However, Powell still clearly screwed up on his communications, unless he wanted the markets to undo half of his tightening for him. He screwed up by not clubbing the notion of an interest change on the head before the market seized it and used it as the foundation of its new narrative for a new bull market. That premature ejaculation by the markets (sadly, I can think of no more apt description of the market’s response to fantasy Fed stimulus) is, in the end, just one more reason to think a change in Fed policy has actually been pushed further away, because the market’s sudden rise could, all by itself, push inflation back up via the “wealth effect”that the Fed has said it tries to get from the market when stimulating the financial system. 

Inflation was already starting to turn back up, and spreading wars will create more upward pressure. An upcoming “Deeper Dive” will dig into the intense wars that spread across the oil-producing regions and major shipping lanes as part of my 2024 economic prediction regarding inflation. For now, I’ll just briefly note from today’s stories alone, that wheat is rising directly due to the war with Ukraine in the Black Sea, and numerous other goods face price pressures as half of all container-ship traffic has abandoned the critical Red Sea route and is heading around South Africa, while half has abandoned Panama for other reasons and is heading around South America. While oil has held pretty steady through all of this so far, due to enormous increases in US oil and gas production offsetting some of the risks, Doug Casey writes a good article in the headlines today that says we are one shot away from the most devastating oil crisis in history.

Even those fighting wars cannot ever predict what will happen. Look at how many were wrong in thinking that Putin would rapidly walk right over Ukraine, but the war keeps pounding on with neither side looking ready to back off. What one can do, though, is look at how serious the risks are and how many there are coming out of the war, and if you see a huge cliff of risks stacking up, know the risks of rising inflation also become high. I’ll dig deeper into all of that in my upcoming “Deeper Dive.”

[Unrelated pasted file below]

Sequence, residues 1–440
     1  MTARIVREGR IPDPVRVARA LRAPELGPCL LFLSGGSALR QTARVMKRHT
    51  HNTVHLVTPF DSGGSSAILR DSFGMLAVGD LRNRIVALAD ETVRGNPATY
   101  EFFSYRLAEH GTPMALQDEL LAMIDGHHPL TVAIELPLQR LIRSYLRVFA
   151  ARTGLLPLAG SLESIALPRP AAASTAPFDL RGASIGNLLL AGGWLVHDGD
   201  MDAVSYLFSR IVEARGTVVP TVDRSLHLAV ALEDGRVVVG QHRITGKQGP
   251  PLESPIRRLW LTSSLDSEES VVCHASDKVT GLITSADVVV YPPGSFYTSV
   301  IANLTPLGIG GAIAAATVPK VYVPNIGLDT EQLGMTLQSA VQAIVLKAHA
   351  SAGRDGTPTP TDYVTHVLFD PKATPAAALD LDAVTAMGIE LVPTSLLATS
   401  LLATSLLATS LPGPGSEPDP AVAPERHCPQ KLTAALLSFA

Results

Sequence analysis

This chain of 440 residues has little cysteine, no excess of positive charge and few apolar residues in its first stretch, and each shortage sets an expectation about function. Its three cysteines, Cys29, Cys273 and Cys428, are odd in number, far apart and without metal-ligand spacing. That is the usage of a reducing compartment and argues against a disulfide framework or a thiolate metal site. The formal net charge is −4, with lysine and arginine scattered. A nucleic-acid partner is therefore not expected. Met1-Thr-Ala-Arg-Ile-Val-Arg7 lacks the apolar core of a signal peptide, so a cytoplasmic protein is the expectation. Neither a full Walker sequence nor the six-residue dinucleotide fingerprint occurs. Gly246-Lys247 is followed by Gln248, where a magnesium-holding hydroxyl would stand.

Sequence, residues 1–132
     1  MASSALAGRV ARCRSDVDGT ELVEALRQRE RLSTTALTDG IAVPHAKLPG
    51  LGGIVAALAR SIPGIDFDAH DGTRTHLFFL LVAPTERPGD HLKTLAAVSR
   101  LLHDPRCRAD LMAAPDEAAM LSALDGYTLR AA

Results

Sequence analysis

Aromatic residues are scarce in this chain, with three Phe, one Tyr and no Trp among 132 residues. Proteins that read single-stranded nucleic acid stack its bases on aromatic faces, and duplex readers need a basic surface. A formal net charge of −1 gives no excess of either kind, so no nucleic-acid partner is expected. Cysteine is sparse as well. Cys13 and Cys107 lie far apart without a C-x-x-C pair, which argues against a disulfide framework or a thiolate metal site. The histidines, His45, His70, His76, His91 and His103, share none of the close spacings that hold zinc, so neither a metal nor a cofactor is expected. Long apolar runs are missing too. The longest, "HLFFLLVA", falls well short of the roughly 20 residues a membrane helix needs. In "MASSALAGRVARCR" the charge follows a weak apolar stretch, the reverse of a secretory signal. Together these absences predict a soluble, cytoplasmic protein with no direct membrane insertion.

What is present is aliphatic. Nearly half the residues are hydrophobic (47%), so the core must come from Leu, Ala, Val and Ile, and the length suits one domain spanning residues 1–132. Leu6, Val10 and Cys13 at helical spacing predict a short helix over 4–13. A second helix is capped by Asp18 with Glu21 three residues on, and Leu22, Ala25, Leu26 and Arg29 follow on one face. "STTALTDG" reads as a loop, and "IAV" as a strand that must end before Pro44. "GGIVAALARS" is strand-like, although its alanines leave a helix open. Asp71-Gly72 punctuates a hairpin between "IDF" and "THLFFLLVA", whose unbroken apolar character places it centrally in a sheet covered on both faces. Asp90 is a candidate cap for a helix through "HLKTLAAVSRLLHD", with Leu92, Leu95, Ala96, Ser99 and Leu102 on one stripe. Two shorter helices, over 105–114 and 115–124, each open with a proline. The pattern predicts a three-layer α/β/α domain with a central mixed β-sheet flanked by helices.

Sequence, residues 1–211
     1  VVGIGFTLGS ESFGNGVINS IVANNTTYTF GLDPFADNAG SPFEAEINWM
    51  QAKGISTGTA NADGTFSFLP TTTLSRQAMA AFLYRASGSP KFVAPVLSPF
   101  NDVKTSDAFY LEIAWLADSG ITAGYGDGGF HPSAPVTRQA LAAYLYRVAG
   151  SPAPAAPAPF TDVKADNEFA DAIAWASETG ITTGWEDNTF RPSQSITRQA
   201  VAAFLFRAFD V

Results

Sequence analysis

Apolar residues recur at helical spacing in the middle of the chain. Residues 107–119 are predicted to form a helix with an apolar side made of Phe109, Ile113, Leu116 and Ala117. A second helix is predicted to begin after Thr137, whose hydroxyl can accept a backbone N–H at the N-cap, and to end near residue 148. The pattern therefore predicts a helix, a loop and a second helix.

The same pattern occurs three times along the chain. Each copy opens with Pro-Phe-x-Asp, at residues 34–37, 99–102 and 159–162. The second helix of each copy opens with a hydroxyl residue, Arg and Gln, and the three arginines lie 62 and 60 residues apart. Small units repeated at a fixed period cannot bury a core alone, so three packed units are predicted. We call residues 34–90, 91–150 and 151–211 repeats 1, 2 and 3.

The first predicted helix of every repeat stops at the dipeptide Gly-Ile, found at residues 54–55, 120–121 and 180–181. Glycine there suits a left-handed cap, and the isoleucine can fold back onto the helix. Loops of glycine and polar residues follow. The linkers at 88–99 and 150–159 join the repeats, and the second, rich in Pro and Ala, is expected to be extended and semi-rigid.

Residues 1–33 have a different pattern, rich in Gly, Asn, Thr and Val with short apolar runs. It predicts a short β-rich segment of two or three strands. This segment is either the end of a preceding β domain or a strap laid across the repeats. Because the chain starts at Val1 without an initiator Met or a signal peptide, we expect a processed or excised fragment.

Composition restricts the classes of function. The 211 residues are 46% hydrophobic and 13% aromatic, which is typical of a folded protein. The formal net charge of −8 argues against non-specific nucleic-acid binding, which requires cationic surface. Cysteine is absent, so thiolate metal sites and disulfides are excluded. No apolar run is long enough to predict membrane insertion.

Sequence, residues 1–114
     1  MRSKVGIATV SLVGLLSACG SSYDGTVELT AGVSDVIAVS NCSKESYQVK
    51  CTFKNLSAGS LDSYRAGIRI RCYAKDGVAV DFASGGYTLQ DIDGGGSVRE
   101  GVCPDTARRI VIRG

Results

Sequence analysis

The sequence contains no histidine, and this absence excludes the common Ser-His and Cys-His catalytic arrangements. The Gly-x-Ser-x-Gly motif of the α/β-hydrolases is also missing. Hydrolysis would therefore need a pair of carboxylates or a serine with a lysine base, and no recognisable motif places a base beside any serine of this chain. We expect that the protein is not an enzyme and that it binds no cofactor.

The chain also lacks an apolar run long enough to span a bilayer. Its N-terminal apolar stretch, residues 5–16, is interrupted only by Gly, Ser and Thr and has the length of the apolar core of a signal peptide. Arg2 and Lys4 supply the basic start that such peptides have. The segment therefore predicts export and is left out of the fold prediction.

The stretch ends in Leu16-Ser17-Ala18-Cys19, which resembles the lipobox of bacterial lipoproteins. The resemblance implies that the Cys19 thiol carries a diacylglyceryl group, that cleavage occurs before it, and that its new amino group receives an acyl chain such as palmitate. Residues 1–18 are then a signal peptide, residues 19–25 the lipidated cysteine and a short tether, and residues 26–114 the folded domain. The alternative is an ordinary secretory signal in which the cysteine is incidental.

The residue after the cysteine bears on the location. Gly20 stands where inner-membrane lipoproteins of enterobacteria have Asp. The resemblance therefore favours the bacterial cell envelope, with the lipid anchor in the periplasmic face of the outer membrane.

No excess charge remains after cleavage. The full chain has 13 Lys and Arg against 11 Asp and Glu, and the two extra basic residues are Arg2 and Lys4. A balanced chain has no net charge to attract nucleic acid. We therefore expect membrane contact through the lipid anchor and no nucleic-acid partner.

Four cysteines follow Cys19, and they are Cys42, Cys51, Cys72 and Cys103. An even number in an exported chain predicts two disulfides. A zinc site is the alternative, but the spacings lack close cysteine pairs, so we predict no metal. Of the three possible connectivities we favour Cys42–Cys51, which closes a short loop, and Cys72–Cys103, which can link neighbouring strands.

Finally, as a curiosity that means nothing for events happening in 2024, which I’ve called “The Year of Chaos,” how apropos that one headline today says that NASA is sending out a probe to investigate the asteroid Apophis, which means “God of Chaos,” and which is scheduled to just miss earth in 2029 in one of the closest passes ever by the kind of asteroid that can end history as we know it. They forecast we’ll be able to see it zing by with the naked eye.

IN THE MEANTIME, with all this talk about inflation, if you have been sitting on the fence about supporting the writing here on The Daily Doom and benefitting from all the “Deeper Dives” where I’ll be laying out my remaining predictions for 2024 as well as gaining access to all the headlines, you can counter inflation some by subscribing before the end of the year at the following sale price:

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(Headlines referred to above appear in boldface below.)


Seeing the Great Recession Before it Hit

My path to writing this blog began as a personal journey. Prior to the start of this so-called “Great Recession,” my ex-wife had a family home that was an inheritance from her mother. I worked as a property manger at the time, and near the end of 2007, I could tell from rumblings in the industry that the U.S. housing market was on the verge of catastrophic collapse. I urged her to press her brothers to sell the family home before prices dropped. The house went on the market and sold right away — and just three months before Bear-Stearns and others crashed, taking the U.S. housing market down for the tumble. Her family sold at the peak of the market.